So you’ve had a 166?


Ok, we all know what happens now and in contrast to the fine, one of the positive outcomes is a new T&C Scheme.  Likely to have been written by one of the “big four” for an inflated sum, at worst it’s a re-hash of what you already had and at best it’ll put a new complexion on the face of your business.

Those guys turned the sales department into the mis-selling elephant in the room which everyone knew deep down would be spotted sooner or later

However, just like Joan Rivers, there’s only so much which can be done on the face of things – you have to get under the skin of the business and see what makes it tick.

Setting about the fix means there will undoubtedly be re-writes of job specs and functions and a wave of redundancies followed by new and re-hires later on.  There’ll be a scapegoat or two, scrapping over the top jobs and dislike of the nosey suits placed by your choice of the big four, converting your meeting rooms into temporary office space, into which you only venture with a strict appointment, attitude and dress code.

Inevitably, before long someone will say “We need to educate the troops – we need a learning intervention to embed the T&C scheme.”  Nods all round, top-ups of coffee for the discussion ahead followed by suggestions of “let’s use those guys who came in and turned the sales department around”.  oOh   kljdfskjhsdfkjsdEr, no actually.  Those guys turned the sales department into the mis-selling elephant in the room which everyone knew deep down would be spotted sooner or later.

Then a learning provider is appointed and the game is on.  That’s until it is decided that it needs to be underpinned (justified) by an encyclopaedia’s worth of knowledge about new legislation, dos and don’ts, competence and non-competence, advised and non-advised information dumped on your contact centre and customer-facing people.  This isn’t exactly the learning intervention you had in mind, it’s more of an information overload which will turn your people into legislative robots and prevent them from doing their job.  Hold on a moment, “doing their job”?  Surely to do their job, your people need to know every and all piece of compliance legislation, every statement the FCA puts out, what Prudential Regulation actually means?  Whilst it is wholly appropriate to re-educate your people about what went wrong and how to stop it happening again, this is better achieved through a complete review of who does what, how they do it and why.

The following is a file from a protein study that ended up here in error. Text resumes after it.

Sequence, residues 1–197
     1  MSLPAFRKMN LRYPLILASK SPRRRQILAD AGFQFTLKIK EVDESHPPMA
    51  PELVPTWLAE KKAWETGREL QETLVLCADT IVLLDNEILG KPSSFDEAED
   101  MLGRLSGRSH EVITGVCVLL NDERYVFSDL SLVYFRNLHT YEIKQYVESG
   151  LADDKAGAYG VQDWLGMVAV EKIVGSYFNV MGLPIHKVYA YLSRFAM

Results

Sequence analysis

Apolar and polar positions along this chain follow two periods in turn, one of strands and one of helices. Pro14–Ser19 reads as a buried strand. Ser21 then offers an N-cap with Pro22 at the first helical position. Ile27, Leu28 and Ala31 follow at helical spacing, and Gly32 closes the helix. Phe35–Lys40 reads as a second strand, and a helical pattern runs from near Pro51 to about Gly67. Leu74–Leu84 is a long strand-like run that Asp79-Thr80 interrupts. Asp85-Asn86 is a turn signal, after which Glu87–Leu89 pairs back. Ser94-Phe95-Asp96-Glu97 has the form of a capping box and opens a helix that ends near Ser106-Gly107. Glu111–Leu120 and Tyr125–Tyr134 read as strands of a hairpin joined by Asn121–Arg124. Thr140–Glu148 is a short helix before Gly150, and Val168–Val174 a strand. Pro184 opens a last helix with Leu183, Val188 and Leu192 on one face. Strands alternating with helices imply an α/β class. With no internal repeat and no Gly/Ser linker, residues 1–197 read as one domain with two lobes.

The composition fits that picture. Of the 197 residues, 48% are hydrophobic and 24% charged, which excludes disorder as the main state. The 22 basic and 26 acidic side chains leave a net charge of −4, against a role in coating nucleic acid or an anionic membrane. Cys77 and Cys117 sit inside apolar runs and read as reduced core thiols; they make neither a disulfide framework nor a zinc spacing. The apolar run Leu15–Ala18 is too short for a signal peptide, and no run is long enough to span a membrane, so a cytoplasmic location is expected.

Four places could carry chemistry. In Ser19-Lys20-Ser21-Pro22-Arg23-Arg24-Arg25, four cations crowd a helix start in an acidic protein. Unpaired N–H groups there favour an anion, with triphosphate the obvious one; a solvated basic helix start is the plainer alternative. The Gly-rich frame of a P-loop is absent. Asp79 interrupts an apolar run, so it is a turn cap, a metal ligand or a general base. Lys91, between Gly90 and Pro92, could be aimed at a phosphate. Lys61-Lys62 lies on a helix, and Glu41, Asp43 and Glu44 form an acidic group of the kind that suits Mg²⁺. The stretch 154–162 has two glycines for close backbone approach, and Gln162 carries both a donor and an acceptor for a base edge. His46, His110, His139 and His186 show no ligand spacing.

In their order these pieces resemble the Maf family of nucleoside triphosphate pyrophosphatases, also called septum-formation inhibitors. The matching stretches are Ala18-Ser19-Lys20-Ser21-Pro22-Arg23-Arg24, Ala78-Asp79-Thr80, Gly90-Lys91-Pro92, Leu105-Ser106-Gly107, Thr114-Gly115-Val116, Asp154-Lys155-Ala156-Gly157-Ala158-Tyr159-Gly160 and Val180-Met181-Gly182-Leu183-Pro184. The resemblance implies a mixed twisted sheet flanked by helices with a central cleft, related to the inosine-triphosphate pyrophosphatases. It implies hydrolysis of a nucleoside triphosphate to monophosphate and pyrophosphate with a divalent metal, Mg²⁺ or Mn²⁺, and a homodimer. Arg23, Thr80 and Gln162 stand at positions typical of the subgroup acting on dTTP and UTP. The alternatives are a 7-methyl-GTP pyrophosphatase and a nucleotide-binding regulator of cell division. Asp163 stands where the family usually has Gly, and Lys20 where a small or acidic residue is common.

At some point early on, someone will therefore commission a companywide Training Needs Analysis.  Now, it’s an oft overlooked fundamental principle of TNA that you have to understand what people do for a living rather than what they know about your products or services.  Something which will collide with the information dump which the suits are demanding.

The story about “Dave the Sales Manager” highlights absolutely why there is never a need to dump information and overload sales people with irrelevant stuff which detracts from what they actually do.  Dave felt that for his team to sell more widgets, they needed to know everything there was to know about widgets.  They attended training which included a quiz to prove they knew their widgets inside-out before going back on the ‘phones.  Three months later, sales revenue was down 15% and three months after that, down a further 20%.

Dave had created an information dump.  He’d overloaded the sales force with irrelevant information which meant that they became living, breathing, widget encyclopaedias instead of highly focused sales people.  The sales process now took two hours and the balance of conversation was 90% in favour of the sales person.  Customers did not buy the widgets because they weren’t told how the widgets would benefit them.  Dave had forgotten that his team’s job is to sell, not to be humanoid technical manuals simply reciting information.  He’d also forgotten that sales people sell to earn themselves and their company a living.